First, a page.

Produced by Lancaster and his partner, Harold Hecht, Vera Cruz was a massive commercial hit, grossing over $11 million. This was due in part to the savvy top billing of Gary Cooper, already an established Western icon from such films as The Virginian (1929) and High Noon (1952). Coop was devoted to the genre, and threw himself into it, at times a little too vigorously. During the filming of Vera Cruz, he was seriously injured by flying fragments from a dynamite explosion that went awry. Despite playing a flawed hero, the actor was always concerned with the righteousness of his characters. Director Aldrich remembers Cooper's objections and insistence on rewrites when he felt a moral line had been crossed. But rewrites were common on the set of Vera Cruz; in fact, the script was still being written during filming. Aldrich called the film "a total improvisation," adding that a scene would be finished and shot five minutes later and concluding, "I'm not sure that that's the right way to work." As it turned out, there would be bigger issues to worry about.
Vera Cruz was not actually filmed in Vera Cruz, due to the unpredictable weather conditions. Production was set up instead in Cuernavaca, not exactly an ideal substitute as many of the crew promptly came down with sunstroke in the sizzling Mexican desert. Nevertheless, a grand caravan of a 100-member cast and crew and 50 horses were joined by 200 extras hired in Mexico. The equipment included a dangerous 25,000 rounds of live ammunition because blanks were in short supply. Although no one was shot, there was one false arrest: actor Charles Horvath, who plays one of the baddies. Mistaken for a real-life bandit named Jaramillo, who was active in the area during filming, Horvath was apprehended by Mexican authorities in full costume while trying to buy cigarettes on a break. Once released, Horvath was returned to the supporting cast, where he was in good company. Ernest Borgnine, cast as one of Lancaster's gang, impressed producer Hecht so much he cast him the following year in the title role of Marty (1955), for which he won an Oscar. Cesar Romero, appearing as a loyalist in the film, would enjoy broad-based fame later in television as "The Joker" in the Batman TV series. And a young, pre-Death Wish (1974) Charles Bronson even has a bit part - although he was still being billed then as Charles Buchinsky.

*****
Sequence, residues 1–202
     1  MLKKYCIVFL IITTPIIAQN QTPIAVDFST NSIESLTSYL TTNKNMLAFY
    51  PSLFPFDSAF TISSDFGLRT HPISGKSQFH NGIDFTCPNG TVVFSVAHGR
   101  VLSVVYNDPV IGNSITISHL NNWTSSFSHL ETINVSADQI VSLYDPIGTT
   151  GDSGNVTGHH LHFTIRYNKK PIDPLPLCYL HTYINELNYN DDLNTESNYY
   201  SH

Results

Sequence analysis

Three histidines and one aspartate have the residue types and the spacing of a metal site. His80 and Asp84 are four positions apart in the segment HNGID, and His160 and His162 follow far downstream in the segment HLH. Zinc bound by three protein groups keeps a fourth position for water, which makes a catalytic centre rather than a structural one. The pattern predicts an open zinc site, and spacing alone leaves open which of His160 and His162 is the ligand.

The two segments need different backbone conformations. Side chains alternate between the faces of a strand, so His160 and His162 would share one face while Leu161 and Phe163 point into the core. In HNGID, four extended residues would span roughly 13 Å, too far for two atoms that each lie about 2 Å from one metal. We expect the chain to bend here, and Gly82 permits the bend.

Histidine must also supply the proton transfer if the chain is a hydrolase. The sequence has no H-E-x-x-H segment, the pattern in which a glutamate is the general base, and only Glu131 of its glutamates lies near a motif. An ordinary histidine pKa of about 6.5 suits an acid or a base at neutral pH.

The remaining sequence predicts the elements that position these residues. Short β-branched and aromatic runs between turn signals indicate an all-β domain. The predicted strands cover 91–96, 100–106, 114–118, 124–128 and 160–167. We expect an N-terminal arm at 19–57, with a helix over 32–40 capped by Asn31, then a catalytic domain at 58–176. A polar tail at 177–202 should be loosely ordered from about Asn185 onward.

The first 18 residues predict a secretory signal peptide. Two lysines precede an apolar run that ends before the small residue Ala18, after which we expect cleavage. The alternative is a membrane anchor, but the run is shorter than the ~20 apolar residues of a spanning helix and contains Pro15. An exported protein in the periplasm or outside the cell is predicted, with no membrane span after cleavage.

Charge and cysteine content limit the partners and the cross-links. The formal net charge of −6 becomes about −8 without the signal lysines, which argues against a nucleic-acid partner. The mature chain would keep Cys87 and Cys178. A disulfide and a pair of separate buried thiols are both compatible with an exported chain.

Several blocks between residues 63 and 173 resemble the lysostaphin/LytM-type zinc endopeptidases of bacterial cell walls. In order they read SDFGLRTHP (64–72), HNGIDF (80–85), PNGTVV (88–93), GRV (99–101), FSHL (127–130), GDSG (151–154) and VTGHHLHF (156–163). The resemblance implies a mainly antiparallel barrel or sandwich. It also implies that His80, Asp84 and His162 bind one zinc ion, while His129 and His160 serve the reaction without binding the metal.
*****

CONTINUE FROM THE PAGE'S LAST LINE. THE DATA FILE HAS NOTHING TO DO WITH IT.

Legendary cinematographer and frequent Aldrich collaborator, Ernest Laszlo filmed the spectacular scenery in Superscope, a new widescreen format making its debut. Aldrich was also making a debut of a kind, as Vera Cruz was his first big-budget film at $3 million - but he carried it off with grand and almost excessive style. As the profits rolled in one can only picture the beaming Burt Lancaster, spying the gold for the first time in the film and pronouncing gleefully, "Well, hell--o."
Producer: James H. Hill
Director: Robert Aldrich
Screenplay: Roland Kibbee, James R. Webb
Art Direction: Alfred Ybarra
Cinematography: Ernest Laszlo
Costume Design: Norma
Film Editing: Alan Crosland Jr.
Original Music: Sammy Cahn, Hugo W. Friedhofer
Principal Cast: Gary Cooper (Benjamin Trane), Burt Lancaster (Joe Erin), Denise Darcel (Countess Marie Duvarre), Cesar Romero (Marquis de Labordere), Sarita Montiel (Nina), George Macready (Emperor Maximillian), Jack Elam (Tex), Ernest Borgnine (Donnegan), Morris Ankrum (Gen. Ramirez), Charles Bronson (Pittsburgh).
C-94m. Letterboxed. Closed captioning.
by Eleanor Quin